US athlete Andrew Bumbalough announced his retirement from professional running on Monday this week, the 33-year-old bringing the curtain down on a career that saw him race at an elite level from the 1500m to the marathon.
The Tennessee native represented USA at the 2011 World Championships over 5000m and at the 2011 World Cross Country Championships, and also ran for the Americas team at the 2014 Continental Cup in Morocco.
On the track he has personal bests of 3:37.15 for 1500m, 7:37.62 for 3000m, 13:12.01 for 5000m and 27:56.78 for 10,000m. In 2017 he transitioned to the marathon, and in dire conditions at the 2018 Boston Marathon he finished fifth in the men’s race.
In 2019 he clocked 2:10:56 to finish 12th in the Chicago Marathon. Below is a Q&A with Bumbalough about his decision and what the road ahead will look like.
How have things been this week since you made the announcement?
I knew it was coming so it wasn’t a surprise to me, but the reaction still takes you by surprise. Yesterday was full of text messages and phone calls and things like that, so it’s been a little crazy.
When did you make the decision?
At some point over the summer I started to think about it. With how the [US Olympic Marathon] Trials went, I felt like things were set in place.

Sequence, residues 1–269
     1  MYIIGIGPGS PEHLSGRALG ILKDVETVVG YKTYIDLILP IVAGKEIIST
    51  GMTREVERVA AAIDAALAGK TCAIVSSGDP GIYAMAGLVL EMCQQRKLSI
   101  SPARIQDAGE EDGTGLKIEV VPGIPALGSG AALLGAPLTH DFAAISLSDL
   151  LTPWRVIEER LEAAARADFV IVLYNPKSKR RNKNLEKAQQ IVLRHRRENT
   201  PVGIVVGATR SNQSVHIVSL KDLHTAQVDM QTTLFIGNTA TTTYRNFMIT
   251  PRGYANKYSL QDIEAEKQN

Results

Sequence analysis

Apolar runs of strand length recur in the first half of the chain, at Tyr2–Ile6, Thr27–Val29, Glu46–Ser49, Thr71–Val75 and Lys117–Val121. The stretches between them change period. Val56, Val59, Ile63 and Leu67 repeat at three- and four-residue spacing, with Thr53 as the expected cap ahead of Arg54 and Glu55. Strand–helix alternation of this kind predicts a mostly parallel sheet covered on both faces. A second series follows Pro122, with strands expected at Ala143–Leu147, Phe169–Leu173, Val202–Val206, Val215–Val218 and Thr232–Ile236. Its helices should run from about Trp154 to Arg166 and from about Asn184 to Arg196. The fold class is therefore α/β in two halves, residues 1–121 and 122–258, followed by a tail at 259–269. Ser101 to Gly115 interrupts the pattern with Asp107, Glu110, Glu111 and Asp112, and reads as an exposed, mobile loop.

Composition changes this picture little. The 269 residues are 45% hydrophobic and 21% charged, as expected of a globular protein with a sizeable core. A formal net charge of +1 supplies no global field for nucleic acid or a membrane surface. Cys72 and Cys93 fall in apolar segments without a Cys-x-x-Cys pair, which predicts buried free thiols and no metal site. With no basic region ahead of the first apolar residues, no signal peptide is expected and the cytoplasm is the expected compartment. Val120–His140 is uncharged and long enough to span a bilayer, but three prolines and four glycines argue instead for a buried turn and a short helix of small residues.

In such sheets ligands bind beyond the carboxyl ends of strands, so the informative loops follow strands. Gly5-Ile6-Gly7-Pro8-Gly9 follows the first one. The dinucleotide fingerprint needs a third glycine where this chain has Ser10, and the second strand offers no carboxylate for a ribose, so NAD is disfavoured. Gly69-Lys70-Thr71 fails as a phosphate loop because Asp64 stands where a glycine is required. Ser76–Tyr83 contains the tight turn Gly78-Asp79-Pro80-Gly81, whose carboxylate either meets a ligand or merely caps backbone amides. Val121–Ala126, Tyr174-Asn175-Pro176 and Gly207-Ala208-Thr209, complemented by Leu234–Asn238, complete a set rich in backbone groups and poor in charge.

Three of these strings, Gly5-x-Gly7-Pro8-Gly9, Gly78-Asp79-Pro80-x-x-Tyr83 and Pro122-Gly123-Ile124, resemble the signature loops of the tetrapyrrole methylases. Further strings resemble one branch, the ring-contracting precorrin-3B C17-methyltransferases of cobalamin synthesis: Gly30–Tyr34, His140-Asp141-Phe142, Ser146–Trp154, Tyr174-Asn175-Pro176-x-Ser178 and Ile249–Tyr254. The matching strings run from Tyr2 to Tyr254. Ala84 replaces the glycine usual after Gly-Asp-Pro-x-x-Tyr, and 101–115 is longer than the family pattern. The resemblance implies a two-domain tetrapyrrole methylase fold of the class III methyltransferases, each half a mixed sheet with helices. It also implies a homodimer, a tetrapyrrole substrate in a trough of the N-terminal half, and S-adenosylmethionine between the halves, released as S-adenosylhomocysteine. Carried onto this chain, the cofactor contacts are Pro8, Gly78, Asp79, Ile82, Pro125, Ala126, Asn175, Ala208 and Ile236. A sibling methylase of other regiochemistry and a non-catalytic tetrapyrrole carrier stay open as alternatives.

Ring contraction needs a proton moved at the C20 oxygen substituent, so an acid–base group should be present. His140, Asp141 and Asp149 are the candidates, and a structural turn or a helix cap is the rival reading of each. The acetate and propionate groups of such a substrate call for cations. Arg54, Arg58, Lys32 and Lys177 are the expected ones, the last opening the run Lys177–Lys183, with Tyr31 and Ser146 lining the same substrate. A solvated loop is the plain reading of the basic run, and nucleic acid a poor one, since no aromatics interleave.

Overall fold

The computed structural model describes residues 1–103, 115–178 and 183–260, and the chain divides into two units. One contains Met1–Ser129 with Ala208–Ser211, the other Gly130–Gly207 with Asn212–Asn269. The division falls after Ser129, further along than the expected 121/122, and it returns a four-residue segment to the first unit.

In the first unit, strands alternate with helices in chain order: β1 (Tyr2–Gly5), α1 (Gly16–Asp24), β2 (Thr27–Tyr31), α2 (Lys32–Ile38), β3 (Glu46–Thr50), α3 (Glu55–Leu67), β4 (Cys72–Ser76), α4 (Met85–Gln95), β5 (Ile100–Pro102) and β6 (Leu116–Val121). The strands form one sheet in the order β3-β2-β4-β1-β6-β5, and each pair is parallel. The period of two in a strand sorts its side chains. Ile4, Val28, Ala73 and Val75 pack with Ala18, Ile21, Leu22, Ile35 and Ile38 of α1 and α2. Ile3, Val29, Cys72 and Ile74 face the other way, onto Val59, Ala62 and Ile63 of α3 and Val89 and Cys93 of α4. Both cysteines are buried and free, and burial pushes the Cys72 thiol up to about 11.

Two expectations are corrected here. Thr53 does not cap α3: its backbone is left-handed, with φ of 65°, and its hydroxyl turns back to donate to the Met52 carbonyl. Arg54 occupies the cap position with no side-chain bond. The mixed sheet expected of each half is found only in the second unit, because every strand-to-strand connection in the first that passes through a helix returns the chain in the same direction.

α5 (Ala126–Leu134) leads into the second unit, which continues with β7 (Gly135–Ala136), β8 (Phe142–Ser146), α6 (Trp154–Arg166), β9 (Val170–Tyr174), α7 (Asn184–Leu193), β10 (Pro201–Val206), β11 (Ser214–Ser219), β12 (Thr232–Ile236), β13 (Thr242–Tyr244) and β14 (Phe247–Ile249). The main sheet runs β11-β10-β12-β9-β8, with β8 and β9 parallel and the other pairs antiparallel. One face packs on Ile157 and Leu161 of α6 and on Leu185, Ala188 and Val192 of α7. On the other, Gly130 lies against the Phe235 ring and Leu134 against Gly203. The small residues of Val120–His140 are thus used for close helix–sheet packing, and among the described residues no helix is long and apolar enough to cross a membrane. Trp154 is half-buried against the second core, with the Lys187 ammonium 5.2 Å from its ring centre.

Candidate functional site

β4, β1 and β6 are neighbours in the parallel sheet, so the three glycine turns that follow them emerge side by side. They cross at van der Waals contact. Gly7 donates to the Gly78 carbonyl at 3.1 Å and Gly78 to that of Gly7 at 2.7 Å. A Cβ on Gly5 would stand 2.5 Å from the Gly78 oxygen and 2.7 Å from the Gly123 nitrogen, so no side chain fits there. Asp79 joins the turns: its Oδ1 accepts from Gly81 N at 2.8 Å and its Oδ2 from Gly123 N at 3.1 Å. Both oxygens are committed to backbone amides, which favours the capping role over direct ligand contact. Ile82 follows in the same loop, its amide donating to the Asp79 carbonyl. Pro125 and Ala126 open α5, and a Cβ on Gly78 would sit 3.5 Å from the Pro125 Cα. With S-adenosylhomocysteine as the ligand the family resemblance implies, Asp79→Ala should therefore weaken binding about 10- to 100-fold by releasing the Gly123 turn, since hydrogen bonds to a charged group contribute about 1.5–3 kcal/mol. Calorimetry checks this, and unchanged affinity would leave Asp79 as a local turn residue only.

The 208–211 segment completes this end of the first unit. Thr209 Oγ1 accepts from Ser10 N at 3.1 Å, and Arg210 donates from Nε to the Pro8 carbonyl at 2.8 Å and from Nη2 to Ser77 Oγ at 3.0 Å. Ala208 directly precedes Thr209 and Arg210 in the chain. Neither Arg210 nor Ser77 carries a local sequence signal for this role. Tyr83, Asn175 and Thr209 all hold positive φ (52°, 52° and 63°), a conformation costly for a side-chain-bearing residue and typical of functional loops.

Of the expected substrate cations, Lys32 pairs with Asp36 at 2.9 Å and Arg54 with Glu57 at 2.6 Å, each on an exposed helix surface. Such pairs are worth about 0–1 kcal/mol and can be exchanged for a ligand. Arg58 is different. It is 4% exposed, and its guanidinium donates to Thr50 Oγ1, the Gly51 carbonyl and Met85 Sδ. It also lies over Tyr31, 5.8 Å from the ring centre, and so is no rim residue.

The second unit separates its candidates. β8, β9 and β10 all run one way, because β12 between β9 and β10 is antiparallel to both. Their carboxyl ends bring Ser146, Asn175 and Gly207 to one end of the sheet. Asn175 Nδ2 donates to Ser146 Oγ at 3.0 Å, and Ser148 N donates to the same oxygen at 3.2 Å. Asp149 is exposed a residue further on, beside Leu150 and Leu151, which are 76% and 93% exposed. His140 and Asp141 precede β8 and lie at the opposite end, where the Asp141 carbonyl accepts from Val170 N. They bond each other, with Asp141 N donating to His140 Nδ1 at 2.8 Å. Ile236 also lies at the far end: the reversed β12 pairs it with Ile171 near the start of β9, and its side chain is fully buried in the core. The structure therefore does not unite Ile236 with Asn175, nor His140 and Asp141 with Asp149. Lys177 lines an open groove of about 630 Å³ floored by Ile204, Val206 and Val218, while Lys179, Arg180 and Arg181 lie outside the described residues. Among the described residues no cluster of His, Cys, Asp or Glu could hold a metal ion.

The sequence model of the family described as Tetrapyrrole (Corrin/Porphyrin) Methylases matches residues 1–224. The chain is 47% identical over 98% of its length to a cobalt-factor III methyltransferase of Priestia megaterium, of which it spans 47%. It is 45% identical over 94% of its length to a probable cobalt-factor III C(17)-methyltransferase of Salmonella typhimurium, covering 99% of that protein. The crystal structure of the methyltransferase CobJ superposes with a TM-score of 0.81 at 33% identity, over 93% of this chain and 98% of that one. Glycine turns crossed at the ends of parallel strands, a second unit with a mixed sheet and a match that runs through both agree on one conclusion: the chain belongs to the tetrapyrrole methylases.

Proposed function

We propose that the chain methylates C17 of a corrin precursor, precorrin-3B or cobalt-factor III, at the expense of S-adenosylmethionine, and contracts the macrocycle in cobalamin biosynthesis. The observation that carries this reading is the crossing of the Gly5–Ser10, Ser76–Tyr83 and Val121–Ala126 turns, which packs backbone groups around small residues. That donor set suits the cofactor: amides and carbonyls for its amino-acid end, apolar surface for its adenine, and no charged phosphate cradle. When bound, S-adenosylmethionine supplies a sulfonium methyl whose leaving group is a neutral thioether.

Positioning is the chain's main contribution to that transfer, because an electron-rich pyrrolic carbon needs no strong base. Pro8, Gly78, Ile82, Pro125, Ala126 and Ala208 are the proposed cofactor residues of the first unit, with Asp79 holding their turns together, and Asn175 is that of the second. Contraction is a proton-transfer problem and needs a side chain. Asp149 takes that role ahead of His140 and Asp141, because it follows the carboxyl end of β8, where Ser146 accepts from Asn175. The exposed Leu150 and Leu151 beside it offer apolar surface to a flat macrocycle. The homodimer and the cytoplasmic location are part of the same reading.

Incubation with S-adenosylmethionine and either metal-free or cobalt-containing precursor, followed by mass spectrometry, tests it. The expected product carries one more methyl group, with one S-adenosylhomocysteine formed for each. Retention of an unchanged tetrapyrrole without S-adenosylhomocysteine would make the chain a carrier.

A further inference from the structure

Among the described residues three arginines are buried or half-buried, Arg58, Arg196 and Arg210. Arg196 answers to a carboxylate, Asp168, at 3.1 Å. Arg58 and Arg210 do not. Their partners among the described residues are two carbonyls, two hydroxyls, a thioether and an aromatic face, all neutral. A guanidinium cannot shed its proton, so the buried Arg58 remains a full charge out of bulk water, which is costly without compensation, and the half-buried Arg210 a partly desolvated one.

The Trials had been my focus for the last four years, and what happened after I didn’t really have a plan for. If I made the team I obviously would have gone to Tokyo, but that was the focal point and end point for what plans I had. I dropped out, and I was hoping to pivot after that and run another race, to use the fitness in another marathon, but then Covid started to make its way into North America and things started to unravel with any race plans.
With the Boston Marathon cancellation and everything cancelled into the Fall, I didn’t have anything to train for. A lot of my teammates were on the track but I’d moved along from the track, so it gave me a chance to think about what I want to do with my life now and with my future.
Around the summer was when I really started to consider it seriously, but it became a little hard to let go moving into the fall. I wasn’t ready to make an announcement until this year.
Were you still running throughout the fall and planning to target any races?
It was more maintenance, keeping the options open. I was definitely not training properly, I told Jerry [Schumacher] I was taking a step away, doing running on my own terms. I was still running a decent amount, and I still am, at least five days a week. But in the summer I was cycling a lot, something I always loved doing, and that’s been a nice outlet.